Triathlon is certainly physically demanding, to say the least, but most triathletes would agree that it is the mental aspect that can determine whether or not they achieve their competitive goals. Resources addressing this key aspect have been hard to come by until now. In "The Triathlete's Guide to Mental Training, the authors both accomplished sport psychologists and Ironman triathletes offer readers in-depth, practical information and skills they can use to build mental muscle. Readers learn first how to assess their psychological strengths and weaknesses, and then discover the six mental factors that most affect triathlon performance. The book includes essential tools for training and competition, such as routines, mental imagery, and tips on getting organized and setting goals, and also explores what it takes to be an Ironman, the unhealthy side of triathlon, and valuable lessons to be learned from the world's best triathletes.
About the Author
Jim Taylor, a Vancouver-based, nationally syndicated sports columnist for the "Calgary Sun," has covered the Canadian sports scene as writer and columnist for 45 years. He is the author of eight previous books, including biographies of hockey stars Wayne Gretzky and Igor Larionov, and the epic round-the-world wheelchair journey of Rick Hansen.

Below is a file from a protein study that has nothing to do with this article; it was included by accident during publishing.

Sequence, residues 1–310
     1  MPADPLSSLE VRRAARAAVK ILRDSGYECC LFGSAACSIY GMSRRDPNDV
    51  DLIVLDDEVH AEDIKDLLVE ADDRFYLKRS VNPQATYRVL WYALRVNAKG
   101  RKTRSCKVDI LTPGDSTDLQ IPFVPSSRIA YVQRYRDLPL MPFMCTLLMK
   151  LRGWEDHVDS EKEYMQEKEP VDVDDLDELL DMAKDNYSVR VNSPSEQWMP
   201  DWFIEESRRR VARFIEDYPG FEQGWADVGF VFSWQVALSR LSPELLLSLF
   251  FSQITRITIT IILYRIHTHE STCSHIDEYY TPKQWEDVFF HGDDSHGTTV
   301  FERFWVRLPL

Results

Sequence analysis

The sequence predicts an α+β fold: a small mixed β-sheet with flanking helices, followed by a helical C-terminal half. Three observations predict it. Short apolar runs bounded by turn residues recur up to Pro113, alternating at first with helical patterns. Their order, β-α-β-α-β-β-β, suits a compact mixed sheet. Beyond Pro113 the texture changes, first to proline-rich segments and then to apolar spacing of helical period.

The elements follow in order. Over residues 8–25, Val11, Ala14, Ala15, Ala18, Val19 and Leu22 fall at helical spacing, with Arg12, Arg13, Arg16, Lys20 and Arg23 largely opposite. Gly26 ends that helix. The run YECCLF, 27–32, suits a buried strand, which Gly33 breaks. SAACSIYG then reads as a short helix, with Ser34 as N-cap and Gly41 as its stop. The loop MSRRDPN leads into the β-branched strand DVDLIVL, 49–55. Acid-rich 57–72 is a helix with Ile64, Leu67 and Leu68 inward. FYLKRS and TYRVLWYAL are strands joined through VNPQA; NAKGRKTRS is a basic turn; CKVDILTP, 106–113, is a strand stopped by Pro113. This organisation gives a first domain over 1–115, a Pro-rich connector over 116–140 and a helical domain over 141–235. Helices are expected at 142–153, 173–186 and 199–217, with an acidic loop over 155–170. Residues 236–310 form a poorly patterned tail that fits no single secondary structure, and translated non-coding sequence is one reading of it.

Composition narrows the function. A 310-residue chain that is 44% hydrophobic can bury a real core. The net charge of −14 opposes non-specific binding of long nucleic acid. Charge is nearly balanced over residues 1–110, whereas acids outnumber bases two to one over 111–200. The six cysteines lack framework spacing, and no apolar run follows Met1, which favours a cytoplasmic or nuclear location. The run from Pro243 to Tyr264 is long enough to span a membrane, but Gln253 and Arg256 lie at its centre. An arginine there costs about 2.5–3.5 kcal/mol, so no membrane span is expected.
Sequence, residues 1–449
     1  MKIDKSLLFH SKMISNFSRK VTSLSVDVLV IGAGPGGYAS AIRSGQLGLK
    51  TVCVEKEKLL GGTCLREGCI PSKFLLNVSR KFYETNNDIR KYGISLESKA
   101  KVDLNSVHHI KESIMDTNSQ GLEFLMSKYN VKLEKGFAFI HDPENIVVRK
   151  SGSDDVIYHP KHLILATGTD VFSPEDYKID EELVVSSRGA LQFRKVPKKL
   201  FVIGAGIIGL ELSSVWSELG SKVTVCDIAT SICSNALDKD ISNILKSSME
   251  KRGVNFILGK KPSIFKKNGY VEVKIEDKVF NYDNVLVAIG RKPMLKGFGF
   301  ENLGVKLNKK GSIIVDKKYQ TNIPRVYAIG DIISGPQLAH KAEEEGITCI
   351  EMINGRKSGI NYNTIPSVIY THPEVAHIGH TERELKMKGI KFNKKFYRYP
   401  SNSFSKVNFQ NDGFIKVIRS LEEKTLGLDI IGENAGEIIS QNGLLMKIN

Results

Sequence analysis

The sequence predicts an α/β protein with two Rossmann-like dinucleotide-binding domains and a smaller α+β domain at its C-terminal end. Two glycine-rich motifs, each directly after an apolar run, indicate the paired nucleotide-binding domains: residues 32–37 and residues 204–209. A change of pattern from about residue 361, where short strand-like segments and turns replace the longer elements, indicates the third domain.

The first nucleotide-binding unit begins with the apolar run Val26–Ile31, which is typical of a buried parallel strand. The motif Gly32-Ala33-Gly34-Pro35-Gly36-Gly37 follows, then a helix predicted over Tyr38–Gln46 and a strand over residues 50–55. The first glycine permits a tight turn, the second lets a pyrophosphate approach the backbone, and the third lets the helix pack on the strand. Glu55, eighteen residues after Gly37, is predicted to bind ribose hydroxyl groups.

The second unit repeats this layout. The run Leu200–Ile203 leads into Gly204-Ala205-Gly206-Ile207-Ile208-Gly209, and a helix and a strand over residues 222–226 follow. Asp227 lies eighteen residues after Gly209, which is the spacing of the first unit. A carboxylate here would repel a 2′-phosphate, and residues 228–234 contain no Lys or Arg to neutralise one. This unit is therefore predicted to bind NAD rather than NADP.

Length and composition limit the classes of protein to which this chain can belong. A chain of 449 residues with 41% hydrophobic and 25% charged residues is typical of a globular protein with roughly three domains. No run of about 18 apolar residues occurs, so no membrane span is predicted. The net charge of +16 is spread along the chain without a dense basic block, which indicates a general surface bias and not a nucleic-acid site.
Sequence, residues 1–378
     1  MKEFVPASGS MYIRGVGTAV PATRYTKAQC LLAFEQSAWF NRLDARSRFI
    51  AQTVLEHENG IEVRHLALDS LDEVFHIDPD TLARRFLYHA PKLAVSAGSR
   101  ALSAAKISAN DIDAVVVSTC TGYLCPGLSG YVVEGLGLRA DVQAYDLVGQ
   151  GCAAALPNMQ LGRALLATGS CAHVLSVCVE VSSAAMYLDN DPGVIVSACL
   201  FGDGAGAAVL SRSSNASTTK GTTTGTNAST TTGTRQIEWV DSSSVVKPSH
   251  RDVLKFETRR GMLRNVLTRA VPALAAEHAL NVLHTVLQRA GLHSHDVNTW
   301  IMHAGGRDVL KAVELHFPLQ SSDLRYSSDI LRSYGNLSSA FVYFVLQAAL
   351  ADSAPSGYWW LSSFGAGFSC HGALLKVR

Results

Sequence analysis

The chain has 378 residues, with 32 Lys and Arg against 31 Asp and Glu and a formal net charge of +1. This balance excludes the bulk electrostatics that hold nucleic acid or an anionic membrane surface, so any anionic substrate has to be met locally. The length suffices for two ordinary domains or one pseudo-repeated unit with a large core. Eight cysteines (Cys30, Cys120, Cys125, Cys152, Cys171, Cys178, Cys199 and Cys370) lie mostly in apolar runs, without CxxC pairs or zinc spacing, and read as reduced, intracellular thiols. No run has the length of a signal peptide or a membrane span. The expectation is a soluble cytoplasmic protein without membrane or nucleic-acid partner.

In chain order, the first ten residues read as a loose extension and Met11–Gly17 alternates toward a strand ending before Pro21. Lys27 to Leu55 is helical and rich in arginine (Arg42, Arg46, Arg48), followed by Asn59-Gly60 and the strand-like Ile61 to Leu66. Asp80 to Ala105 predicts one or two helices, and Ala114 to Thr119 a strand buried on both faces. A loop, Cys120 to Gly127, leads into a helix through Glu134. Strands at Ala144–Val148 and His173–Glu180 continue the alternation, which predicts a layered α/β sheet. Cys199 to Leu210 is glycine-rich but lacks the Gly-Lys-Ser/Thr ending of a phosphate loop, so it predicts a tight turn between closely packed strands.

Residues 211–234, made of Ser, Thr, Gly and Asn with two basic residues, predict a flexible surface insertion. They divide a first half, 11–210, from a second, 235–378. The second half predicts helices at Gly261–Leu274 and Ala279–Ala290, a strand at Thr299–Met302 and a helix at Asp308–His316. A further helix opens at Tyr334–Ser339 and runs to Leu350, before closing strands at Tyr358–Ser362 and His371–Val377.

Gordon Kirby has written about motor racing for 30 years. He is the American editor for the British publication, "Autosport," His most recent book is "Bobby Rabal: The Graceful Champion," He is also working on a book about Mario Andretti's career.
Dan Proudfoot has covered motor racing since 1966 for numerous media outlets and since 1984 has written about the sport for "The Toronto Sun," A hobby racer in the 1980s in vintage and amateur F2000 classes. Proudfoot ranks Greg Moore's astonishing CART debut in 1996 with Gilles Villeneuve's winning the Grand Prix in Montreal in 1978 among his most memorable moments in racing.